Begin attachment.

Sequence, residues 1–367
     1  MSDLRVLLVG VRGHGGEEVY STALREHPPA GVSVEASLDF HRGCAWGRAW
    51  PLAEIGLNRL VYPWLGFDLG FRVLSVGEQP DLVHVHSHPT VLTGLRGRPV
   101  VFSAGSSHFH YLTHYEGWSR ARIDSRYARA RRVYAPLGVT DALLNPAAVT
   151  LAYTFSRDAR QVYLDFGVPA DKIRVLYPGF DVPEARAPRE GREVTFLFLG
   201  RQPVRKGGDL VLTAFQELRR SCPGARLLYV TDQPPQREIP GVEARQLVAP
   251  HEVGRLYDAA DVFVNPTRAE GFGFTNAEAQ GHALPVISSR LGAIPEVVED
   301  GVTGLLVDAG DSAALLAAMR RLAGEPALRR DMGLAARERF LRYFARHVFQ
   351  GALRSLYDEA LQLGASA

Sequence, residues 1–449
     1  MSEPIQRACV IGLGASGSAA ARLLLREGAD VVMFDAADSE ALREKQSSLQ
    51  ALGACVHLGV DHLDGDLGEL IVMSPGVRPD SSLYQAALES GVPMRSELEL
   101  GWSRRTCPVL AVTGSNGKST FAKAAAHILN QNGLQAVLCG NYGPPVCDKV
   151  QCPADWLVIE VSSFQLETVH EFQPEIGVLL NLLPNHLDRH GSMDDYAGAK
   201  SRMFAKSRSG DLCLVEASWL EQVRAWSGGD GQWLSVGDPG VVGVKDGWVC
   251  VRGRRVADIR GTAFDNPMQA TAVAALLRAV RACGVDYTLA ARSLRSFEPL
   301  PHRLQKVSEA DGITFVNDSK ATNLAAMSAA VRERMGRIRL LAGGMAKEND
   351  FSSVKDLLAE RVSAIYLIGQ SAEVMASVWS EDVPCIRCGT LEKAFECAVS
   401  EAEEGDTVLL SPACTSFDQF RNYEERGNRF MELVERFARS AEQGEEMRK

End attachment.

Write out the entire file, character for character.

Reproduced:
Sequence, residues 1–367
     1  MSDLRVLLVG VRGHGGEEVY STALREHPPA GVSVEASLDF HRGCAWGRAW
    51  PLAEIGLNRL VYPWLGFDLG FRVLSVGEQP DLVHVHSHPT VLTGLRGRPV
   101  VFSAGSSHFH YLTHYEGWSR ARIDSRYARA RRVYAPLGVT DALLNPAAVT
   151  LAYTFSRDAR QVYLDFGVPA DKIRVLYPGF DVPEARAPRE GREVTFLFLG
   201  RQPVRKGGDL VLTAFQELRR SCPGARLLYV TDQPPQREIP GVEARQLVAP
   251  HEVGRLYDAA DVFVNPTRAE GFGFTNAEAQ GHALPVISSR LGAIPEVVED
   301  GVTGLLVDAG DSAALLAAMR RLAGEPALRR DMGLAARERF LRYFARHVFQ
   351  GALRSLYDEA LQLGASA

Sequence, residues 1–449
     1  MSEPIQRACV IGLGASGSAA ARLLLREGAD VVMFDAADSE ALREKQSSLQ
    51  ALGACVHLGV DHLDGDLGEL IVMSPGVRPD SSLYQAALES GVPMRSELEL
   101  GWSRRTCPVL AVTGSNGKST FAKAAAHILN QNGLQAVLCG NYGPPVCDKV
   151  QCPADWLVIE VSSFQLETVH EFQPEIGVLL NLLPNHLDRH GSMDDYAGAK
   201  SRMFAKSRSG DLCLVEASWL EQVRAWSGGD GQWLSVGDPG VVGVKDGWVC
   251  VRGRRVADIR GTAFDNPMQA TAVAALLRAV RACGVDYTLA ARSLRSFEPL
   301  PHRLQKVSEA DGITFVNDSK ATNLAAMSAA VRERMGRIRL LAGGMAKEND
   351  FSSVKDLLAE RVSAIYLIGQ SAEVMASVWS EDVPCIRCGT LEKAFECAVS
   401  EAEEGDTVLL SPACTSFDQF RNYEERGNRF MELVERFARS AEQGEEMRK